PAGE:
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Dr. Victor Albert, University at Buffalo - The Amborella and Plant Evolution


Albany, NY – In today's Academic Minute, Dr. Victor Albert of the University at Buffalo introduces us to the amborella and uncovers the roots of plant evolution.

Dr. Albert is the Empire Innovation Professor at the University at Buffalo where he uses genomic, developmental, and genetic approaches to understand problems in plant evolutionary biology. His current research is focused on the sequencing and characterization of the avocado and amborella genomes.

About Dr. Albert

Dr. Victor Albert- The Amborella and Plant Evolution

Amborella is like the platypus of flowering plants. It's the single living descendant of the common ancestor of all other flowering plants, so it's sort of like the platypus, which itself represents the sister lineage to all other living mammals.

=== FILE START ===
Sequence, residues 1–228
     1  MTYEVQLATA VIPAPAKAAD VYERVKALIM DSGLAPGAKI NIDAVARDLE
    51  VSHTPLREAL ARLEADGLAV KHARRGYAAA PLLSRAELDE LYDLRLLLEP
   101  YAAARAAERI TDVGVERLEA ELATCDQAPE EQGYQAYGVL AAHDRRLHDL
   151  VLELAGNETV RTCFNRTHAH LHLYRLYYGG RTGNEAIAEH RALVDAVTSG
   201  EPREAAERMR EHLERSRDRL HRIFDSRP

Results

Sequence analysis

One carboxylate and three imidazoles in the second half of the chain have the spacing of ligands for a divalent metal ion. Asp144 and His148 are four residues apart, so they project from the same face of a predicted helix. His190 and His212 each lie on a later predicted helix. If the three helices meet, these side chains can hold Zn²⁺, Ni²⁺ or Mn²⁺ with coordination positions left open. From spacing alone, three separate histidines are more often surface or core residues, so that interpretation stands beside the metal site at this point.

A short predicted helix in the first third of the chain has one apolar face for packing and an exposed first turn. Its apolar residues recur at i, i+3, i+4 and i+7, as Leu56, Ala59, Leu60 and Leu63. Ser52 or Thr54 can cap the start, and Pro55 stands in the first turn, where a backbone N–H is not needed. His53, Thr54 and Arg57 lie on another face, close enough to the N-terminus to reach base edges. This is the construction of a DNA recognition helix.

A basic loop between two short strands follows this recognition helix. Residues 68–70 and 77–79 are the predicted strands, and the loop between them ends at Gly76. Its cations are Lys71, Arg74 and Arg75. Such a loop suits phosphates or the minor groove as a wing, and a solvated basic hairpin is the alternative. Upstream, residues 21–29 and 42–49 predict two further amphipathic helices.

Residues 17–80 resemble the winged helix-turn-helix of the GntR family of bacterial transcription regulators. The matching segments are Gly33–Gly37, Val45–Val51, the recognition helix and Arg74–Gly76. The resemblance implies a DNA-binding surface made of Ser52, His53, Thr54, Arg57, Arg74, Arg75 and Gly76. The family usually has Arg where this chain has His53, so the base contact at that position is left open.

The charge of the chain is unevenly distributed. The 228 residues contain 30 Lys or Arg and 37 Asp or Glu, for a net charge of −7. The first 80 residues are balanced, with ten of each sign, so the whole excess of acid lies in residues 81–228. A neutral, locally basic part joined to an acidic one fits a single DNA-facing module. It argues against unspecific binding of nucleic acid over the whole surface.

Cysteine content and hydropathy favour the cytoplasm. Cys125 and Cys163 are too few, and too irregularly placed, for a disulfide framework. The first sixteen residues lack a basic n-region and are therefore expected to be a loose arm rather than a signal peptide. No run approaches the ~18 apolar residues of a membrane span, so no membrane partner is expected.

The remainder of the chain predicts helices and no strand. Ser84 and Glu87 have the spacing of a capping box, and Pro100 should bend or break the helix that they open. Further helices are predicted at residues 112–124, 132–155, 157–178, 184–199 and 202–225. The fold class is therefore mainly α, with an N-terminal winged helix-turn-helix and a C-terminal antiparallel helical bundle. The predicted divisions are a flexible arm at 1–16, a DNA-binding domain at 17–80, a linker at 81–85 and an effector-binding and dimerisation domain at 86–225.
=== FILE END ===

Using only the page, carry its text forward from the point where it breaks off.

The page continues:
The genome of Amborella is very important because it provides an evolutionary perspective for understanding modern crops. All modern crops come from flowering plants everything from lettuce, the leaves of lettuce, to crops that come from the flowers themselves, such as rice, soybeans, maize, avocado, coffee... You name it.

So in order to compare, say, rice with soybeans, normally people would just look sideways in a linear comparison, comparing one with the other. But having the Amborella genome allows us to basically go back into time and put an evolutionary perspective on that comparison.

This evolutionary perspective is of great importance to understanding things like resistance to drought of crops and adaptation to global warming. Our project's funded by the National Science Foundation in particular, the Plant Genome Research Program. Those involved include UB, of course, and University of Georgia, University of Florida, Indiana University, and Penn State University, which is leading the study.

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